What Is Catholic Marriage (And What Isn’t)

A Perfect Marriage; or, Back to Basics

Have you ever noticed that many films conclude at the wedding altar, as if the wedding ceremony itself is the ultimate marriage experience? But what about “happily ever after,” does it really exist?

In many films Hollywood has twisted marriage into an unattainable and unrealistic ideal. Take Jerry Maguire, which has deceived single people into believing the ultimate lie that a person can “complete” another person.

Modern television sitcoms are no better. Husbands are often portrayed as buffoons, while wives are ridiculed and ignored by husbands and children—certainly not something to aspire to.

Has this Hollywood ideal made its way into the plans for your future? What does your idea of a “perfect” marriage look like? Are there disagreements? Is there stress? Are the spouses “happy” every day?

To understand the truth about Catholic marriage thus becomes vital to having a healthy and successful relationship. Let’s try to figure out what Catholic marriage is, by starting what it is not.

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What Catholic Marriage is not

Catholic marriage is not only a perfect wedding

What Is Catholic Marriage || Catholic Marriage

There is so much pressure to have the perfect wedding, from the dress, the venue, the rings, etc. But what lies beyond the “big day” is really what is at the heart of a marriage. It is not about one day, it is about the rest of your life.

A spouse does not make you happy 

What Is Catholic Marriage || A spouse does not make you happy

Many people incorrectly think that their future spouse is supposed to make them happy. But marriage won’t solve all your problems.

As St. Augustine teaches, our hearts are restless until they rest in the Lord. No person, place, or thing will ever be able to make us happy. Only in the Lord will we find true happiness. This means that without the Lord being the center of a marriage, being in a Catholic marriage will not automatically bring one happiness.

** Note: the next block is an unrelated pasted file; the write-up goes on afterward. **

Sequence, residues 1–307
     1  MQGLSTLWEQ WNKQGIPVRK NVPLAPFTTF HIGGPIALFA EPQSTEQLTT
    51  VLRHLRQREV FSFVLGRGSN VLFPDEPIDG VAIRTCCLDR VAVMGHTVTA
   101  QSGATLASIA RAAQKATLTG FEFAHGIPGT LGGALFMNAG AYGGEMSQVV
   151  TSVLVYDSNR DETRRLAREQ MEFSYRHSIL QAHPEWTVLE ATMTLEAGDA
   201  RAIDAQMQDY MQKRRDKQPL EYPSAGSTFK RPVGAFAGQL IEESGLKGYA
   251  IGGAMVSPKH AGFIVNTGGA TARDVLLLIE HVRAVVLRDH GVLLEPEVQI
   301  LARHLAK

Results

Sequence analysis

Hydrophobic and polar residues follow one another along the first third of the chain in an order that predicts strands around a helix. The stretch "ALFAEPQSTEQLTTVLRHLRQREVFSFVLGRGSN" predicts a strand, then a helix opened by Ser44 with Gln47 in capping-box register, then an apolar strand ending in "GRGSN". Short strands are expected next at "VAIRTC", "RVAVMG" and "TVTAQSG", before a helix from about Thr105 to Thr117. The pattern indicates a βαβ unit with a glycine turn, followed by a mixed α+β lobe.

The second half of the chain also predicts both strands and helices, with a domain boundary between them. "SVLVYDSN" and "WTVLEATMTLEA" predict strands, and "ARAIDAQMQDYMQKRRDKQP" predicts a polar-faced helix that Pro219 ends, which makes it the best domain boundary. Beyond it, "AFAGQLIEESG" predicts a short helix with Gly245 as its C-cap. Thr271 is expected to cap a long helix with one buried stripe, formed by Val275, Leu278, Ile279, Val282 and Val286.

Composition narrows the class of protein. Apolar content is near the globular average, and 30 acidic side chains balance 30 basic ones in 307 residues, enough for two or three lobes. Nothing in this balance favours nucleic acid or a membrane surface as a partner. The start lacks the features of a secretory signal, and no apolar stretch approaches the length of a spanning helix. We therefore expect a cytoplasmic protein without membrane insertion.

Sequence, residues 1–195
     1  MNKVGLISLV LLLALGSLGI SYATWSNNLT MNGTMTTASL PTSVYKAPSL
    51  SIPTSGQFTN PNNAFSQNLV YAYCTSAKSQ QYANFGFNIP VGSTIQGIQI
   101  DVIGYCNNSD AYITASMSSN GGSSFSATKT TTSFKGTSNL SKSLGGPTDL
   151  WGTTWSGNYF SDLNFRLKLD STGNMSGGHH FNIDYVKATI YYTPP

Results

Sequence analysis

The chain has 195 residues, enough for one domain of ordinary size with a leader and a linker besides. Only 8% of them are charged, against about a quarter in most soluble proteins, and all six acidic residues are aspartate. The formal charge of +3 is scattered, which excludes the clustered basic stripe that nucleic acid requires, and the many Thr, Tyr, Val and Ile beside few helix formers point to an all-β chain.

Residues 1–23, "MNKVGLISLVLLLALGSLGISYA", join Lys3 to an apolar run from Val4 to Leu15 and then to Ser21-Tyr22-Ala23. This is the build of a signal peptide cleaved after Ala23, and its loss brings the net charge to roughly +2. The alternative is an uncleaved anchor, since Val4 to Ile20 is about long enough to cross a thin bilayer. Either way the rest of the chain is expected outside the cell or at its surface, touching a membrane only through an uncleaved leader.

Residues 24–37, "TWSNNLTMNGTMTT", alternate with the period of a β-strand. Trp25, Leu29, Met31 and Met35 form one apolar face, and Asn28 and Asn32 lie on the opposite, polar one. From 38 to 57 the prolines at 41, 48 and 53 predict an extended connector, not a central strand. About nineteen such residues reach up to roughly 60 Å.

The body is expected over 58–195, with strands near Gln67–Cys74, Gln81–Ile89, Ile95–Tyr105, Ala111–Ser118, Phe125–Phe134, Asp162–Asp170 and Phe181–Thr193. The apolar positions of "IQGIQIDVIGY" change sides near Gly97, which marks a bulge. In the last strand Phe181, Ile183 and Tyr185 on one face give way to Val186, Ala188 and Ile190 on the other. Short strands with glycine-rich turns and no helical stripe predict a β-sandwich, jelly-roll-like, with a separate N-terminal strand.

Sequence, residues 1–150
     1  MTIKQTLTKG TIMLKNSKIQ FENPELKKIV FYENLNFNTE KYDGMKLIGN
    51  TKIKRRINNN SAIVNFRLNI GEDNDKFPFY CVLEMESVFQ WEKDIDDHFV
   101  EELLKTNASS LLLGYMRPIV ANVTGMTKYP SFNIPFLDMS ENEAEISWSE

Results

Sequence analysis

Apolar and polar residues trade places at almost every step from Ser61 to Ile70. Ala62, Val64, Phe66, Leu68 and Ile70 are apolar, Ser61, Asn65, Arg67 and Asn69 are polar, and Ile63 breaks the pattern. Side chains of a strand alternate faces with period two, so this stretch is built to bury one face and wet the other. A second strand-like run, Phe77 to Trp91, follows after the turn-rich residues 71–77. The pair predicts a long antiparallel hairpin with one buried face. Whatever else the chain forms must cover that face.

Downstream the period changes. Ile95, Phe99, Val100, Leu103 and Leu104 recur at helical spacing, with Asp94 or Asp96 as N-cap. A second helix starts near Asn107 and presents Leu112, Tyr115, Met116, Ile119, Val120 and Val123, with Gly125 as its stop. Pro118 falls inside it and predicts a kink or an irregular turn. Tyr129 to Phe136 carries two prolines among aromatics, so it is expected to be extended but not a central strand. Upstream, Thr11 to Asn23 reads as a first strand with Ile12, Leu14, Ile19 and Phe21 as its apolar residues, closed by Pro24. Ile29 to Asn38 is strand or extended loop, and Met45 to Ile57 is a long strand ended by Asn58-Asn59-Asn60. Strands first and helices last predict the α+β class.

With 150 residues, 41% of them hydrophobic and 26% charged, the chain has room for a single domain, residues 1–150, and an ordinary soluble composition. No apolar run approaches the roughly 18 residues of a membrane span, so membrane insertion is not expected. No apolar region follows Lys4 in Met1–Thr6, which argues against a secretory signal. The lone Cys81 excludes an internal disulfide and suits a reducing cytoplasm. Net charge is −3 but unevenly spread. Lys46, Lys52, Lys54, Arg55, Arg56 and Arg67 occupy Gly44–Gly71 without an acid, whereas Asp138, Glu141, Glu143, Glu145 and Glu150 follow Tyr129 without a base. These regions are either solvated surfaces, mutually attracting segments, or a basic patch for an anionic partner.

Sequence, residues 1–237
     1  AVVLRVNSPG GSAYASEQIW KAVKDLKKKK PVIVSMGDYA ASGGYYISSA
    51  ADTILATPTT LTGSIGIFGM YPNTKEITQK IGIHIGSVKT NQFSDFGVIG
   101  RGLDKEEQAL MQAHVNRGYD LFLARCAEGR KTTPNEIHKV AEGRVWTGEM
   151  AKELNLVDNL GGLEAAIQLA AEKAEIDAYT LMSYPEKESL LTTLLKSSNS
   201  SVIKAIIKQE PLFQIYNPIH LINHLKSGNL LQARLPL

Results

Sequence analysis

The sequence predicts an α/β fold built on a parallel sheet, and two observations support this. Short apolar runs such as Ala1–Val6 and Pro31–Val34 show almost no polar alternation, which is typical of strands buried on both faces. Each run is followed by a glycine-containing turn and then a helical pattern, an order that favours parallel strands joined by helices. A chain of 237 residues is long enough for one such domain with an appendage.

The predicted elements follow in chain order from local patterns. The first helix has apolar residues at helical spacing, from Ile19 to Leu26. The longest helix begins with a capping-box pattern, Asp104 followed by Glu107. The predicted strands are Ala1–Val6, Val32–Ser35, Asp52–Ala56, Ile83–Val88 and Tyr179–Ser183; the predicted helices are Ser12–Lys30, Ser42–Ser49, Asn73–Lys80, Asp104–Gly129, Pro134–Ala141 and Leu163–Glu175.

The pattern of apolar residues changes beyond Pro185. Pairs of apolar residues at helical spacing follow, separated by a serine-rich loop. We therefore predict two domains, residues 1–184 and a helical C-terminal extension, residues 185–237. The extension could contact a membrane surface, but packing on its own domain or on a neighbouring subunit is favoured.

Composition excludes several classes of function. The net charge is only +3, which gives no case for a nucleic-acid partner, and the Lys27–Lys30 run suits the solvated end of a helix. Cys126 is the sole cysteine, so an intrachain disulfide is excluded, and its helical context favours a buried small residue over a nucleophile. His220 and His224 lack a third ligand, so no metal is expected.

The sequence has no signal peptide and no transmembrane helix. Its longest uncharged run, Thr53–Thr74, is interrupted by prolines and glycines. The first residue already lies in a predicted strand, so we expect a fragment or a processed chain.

It is not always easy

What Is Catholic Marriage || It is not always easy

Marriage takes work and sacrifice which is not always going to be easy. Typically opposites attract. With opposing temperaments, gifts, and talents it can be challenging to be united.

No matter how in sync two people are, it is inevitable that disagreements will arise, requiring compromise and dying to one’s self.

Love is an act. It is not a feeling. Spouses have to choose to love every day, even when they are hurt, angry, or tired. This takes effort and practice.

It is not about looks

What Is Catholic Marriage || It is not about looks

You may have an image of your future spouse, and what you will look like as a couple. What is on the outside is fleeting and not permanent. Marriage founded on looks will not be able to survive once time and life has taken its toll.

Take for example the inspiring story of Turia Pitt. She was a model who was burned in a grass fire while competing in an ultramarathon. Hers is an incredible testament to the power of the human spirit to overcome adversity.

I first ran across her story, however, when I saw a comment made by her now husband, Michael Hoskin. The couple were dating when she was involved in her accident. When asked if he ever considered leaving her, Michael had the best response.

“I married her soul, her character, and she’s the only woman that will continue to fulfill my dreams.”

Michael Hoskin was focused on who Turia is on the inside, rather than what she looked like.

There is no “normal” marriage

What Is Catholic Marriage || There is no

There is no marriage standard by which all other marriages are judged. Every marriage is unique, just like each one of us is unique. Expecting a marriage to conform to certain specifications would be an exercise in futility.

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What Catholic Marriage Is

Now that we see what Catholic marriage is not, let’s take a look at what Catholic marriage really is about.

Marriage has been described as a responsibility, a commitment, a power, a profound intimacy. Here are some ways to describe a Catholic marriage.

It is sacramentalfirst and foremost

What Is Catholic Marriage || It is sacramental first and foremost

A Catholic marriage is one of the seven sacraments. As in each of the other sacraments, the Lord infuses grace through husbands and wives to allow marriages to thrive and grow. Couples in a Catholic marriage manifest God’s love and the kingdom of heaven through a sacramental marriage.

Catholic spouses also have the ability to give each other absolution for venial sins. The one you share your heart and soul with, and who knows you most intimately, is able to offer you grace through the forgiveness of sins.

Put together, in a Catholic marriage spouses are able to give and receive the Lord’s grace on a daily basis.